[5] (http://www.gpo.gov/fdsys/granule/USCODE-2010-title26/USCODE-2010-title26-subtitleA-chap1-subchapA-partIV-subpartC-sec36B)

[6] Jonathan H. Adler & Michael F. Cannon, Taxation Without Representation: The Illegal IRS Rule To Expand Tax Credits Under the PPACA, 23 Health Matrix 119, 123 (2013)

 

Mom, Dad, I’m 26 and I forgot to enroll in Covered California, “I’m so sorry, but what do I do now”?

If you just started preparing your taxes for that refund you were hoping for and you just now learned that there is a tax penalty for not enrolling, you can apply from now until April 30 at Covered California. http://www.coveredca.com/

If your income is less than $16,100 for an individual, you may apply for Medi-Cal at any time. There is no limited open enrollment period for Medi-Cal.

If you got married, had a child, lost health coverage, moved to another county or state, lost your job, your income changed a lot so you now qualify for help paying your premiums, you became a citizen or a new legal permanent resident or you had a really, really good life changing excuse, you can qualify for “special enrollment”, but you have to do it in 60 days of the life event.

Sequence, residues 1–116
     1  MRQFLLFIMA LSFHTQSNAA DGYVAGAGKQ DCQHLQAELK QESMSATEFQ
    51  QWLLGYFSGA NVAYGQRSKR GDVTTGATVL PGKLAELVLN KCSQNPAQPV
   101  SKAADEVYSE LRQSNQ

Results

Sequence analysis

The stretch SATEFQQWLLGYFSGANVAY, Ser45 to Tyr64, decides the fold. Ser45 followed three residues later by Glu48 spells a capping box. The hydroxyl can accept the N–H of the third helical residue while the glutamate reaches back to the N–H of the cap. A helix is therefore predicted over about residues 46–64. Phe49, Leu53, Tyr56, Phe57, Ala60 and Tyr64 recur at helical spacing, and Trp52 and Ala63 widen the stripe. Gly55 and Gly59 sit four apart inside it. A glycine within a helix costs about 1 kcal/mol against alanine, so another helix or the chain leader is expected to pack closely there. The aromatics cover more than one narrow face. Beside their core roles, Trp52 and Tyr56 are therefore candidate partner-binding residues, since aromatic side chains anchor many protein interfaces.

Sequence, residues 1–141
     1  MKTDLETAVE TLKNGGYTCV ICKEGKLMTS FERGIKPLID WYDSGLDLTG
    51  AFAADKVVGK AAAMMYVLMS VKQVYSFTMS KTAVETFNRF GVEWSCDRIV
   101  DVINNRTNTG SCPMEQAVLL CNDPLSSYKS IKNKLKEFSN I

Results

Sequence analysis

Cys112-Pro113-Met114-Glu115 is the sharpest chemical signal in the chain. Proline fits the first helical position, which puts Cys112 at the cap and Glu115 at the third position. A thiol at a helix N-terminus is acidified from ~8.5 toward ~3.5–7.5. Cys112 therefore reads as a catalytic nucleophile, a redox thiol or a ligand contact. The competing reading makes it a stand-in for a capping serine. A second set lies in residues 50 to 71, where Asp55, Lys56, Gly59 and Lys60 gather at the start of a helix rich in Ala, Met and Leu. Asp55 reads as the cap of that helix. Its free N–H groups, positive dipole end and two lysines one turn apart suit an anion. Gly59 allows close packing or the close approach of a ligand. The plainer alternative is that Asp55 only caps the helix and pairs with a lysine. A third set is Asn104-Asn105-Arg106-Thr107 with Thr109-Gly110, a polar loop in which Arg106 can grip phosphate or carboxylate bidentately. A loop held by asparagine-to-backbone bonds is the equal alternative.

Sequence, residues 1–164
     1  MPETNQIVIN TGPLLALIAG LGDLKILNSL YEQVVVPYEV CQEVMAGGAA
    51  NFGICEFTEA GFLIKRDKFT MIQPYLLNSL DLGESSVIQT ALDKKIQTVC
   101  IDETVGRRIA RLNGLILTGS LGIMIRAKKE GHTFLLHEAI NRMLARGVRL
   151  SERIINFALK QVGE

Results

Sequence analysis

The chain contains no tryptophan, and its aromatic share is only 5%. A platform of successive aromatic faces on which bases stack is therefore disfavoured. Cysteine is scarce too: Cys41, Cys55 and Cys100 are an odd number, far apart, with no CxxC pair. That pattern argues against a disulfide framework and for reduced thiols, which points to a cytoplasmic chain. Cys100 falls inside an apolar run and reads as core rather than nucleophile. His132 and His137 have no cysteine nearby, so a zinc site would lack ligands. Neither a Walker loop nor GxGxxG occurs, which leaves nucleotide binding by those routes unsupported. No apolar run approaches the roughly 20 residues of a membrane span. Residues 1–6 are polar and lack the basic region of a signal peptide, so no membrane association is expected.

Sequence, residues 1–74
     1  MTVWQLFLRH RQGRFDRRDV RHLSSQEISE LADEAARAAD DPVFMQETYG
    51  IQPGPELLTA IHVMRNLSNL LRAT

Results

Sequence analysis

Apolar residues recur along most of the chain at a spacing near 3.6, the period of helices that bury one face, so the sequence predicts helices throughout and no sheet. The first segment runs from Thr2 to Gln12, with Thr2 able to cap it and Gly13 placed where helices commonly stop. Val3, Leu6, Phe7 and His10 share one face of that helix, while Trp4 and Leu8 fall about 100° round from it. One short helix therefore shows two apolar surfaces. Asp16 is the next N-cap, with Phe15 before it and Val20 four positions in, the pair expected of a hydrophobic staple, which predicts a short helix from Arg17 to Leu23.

Mom, how much is that tax penalty, maybe I should just pay it. For last year (2014), it was $95 per person or 1% of your annual income, whichever is more. For this year (2015), it will be $325 per person or 2% of your annual income, whichever is higher. For next year, it goes up to the higher of $650 or 2.5% of your annual income. Just don’t ask your Dad to pay your tax penalties.

ITUP Draft summary of the §1115 Waiver Concepts

ITUP Draft Summary of the State’s §1115 Waiver Concepts, dated 2/11/15

The request is for $15-20 billion in increased FFP over 5 years or $3-4 billion a year in federal and state shared savings. The state and federal government would agree on a per member per month cost amount that would be allocated to the state to support the delivery system reforms envisaged. It appears that the state would make the enhanced pmpm available to local managed care organizations who would in turn be responsible to achieve the goals of the waiver.

Download the full draft summary here: Summary of the State’s §1115 Waiver Concepts

If You are Uninsured…

If You are Uninsured or Have Private Individual Insurance, Ten Good Reasons to Enroll before February 15, 2015

– the Deadline for Covered California –

http://www.coveredca.com/apply

  1. In case you get sick — measles, mumps, the flu, chicken pox or any other infectious disease.
  2. In case you get hurt — driving, fixing the house, at a rowdy Super Bowl party, exercising or just walking the dog.